I don’t like it when people lie. And I can catch them like fish.

19 April, 2009 Ken Everyday Life

This guy, Richard Dean Neff, at the Walden Superflea & Farmer’s Market was selling fudge pieces for 50 cents.  But that’s not really why he was there.  He was literally marketing a piece of paper — www.wethepeoplework.com — with the promise that if I made a $700+ investment (donation?), I would be granted access to his full business opportunity — www.zoommoneymaker.com.  I can’t explain this more accurately because neither could he, though he wanted to talk all day about it.

Friendly guy, pleasant, down-to-earth.  I liked his apparent economic philosophy and other views and we would have hit it off if we were in a bar, but this was a sell.  The red flag was his need to prove credibility, and the way he did it.  His said to Google his exact name (as above) and it yielded a basic verification of who he was.  He invented some stuff.  He lives in Springville.  Okay. 

The ‘Oh, I probably shouldn’t have given you that other card (Zoom), and don’t know why I did as I don’t give those away to most people ever, but …’ is a typical sales tactic I didn’t catch except in retrospect.  No big deal, I guess.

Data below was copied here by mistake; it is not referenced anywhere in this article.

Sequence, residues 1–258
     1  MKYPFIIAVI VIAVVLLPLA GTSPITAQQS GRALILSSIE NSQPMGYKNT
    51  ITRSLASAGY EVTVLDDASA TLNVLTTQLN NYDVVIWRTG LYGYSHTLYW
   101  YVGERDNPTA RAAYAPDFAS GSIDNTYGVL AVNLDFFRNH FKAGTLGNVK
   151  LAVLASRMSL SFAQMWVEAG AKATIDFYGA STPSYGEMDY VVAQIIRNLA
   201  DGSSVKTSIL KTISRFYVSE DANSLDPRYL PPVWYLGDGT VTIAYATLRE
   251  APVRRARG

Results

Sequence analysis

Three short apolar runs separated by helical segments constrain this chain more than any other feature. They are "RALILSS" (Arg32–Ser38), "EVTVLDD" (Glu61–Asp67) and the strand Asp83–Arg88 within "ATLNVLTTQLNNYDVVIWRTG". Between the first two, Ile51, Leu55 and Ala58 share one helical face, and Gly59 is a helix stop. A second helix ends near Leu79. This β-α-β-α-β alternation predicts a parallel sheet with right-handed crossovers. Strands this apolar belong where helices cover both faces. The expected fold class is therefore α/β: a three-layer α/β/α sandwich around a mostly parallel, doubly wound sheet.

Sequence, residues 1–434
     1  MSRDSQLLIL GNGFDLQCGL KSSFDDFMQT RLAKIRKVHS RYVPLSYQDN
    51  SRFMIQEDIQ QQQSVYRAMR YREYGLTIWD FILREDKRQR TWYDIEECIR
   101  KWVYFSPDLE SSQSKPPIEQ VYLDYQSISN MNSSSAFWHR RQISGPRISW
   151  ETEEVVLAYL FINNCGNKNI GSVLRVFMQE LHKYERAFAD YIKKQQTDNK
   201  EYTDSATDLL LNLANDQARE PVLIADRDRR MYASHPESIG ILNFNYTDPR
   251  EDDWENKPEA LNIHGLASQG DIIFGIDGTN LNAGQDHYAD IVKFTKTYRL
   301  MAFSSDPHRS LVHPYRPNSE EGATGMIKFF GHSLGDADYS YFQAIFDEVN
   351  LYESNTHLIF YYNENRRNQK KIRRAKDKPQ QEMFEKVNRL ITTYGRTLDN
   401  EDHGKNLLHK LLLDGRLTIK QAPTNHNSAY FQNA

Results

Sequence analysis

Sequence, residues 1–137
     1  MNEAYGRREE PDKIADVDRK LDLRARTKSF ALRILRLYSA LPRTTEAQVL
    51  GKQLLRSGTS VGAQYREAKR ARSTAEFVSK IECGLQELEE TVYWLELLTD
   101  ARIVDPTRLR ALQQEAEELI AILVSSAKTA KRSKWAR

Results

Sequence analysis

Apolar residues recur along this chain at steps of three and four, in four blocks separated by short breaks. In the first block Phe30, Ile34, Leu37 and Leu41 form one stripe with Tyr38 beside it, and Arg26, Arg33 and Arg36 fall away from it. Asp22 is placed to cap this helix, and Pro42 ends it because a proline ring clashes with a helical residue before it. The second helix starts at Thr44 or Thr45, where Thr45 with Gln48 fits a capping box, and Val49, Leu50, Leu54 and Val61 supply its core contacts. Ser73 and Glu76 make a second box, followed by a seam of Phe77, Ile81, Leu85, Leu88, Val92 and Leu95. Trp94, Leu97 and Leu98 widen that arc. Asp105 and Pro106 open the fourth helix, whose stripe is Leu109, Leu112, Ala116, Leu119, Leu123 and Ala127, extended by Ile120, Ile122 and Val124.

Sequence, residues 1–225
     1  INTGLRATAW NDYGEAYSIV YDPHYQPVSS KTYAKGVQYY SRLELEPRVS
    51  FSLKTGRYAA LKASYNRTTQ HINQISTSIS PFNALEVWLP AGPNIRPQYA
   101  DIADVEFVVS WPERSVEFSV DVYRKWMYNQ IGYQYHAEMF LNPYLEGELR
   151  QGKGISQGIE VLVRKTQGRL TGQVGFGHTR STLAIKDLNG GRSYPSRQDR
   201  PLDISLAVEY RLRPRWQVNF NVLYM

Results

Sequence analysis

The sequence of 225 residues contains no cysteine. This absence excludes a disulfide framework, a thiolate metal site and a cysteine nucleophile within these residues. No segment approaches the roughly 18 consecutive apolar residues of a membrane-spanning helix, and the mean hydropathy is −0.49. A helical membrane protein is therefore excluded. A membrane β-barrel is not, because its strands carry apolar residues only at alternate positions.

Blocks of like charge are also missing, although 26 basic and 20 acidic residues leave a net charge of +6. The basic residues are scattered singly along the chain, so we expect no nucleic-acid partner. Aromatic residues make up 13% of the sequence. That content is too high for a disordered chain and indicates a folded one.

But when he pulled out his personal letter of acceptance for “Cambridge Who’s Who” I said, unimpressed, “Yeah, there are thousands of those kinds of directories out there.”  He made it sound as if this was a prestigious one (more like infamous), but here’s the end game on this:

When I pushed further and asked if it was associated with Cambridge University, he resounded with a clear, unambiguous “YES” … before quickly closing the binder before I could check the address at the bottom of the letterhead.  Simple research today shows he paid (like anyone else could) to get put into a book no one would bother using except to feign credibility to themselves and others.  It’s an ethically questionable company at best, and not associated with Cambridge. 

Sure his website is nothing but a JPEG, his cards are VistaPrint, and he doesn’t know how to spell “copyright”.  But point blank fact: HE LIED.

Sorry, Richard.  You may or may not be a scam artist, and you may just be using messed-up sales techniques to get investors in your inventions, but you are not credible in my book.  And MY book is far more credible than Cambridge Who’s Who.

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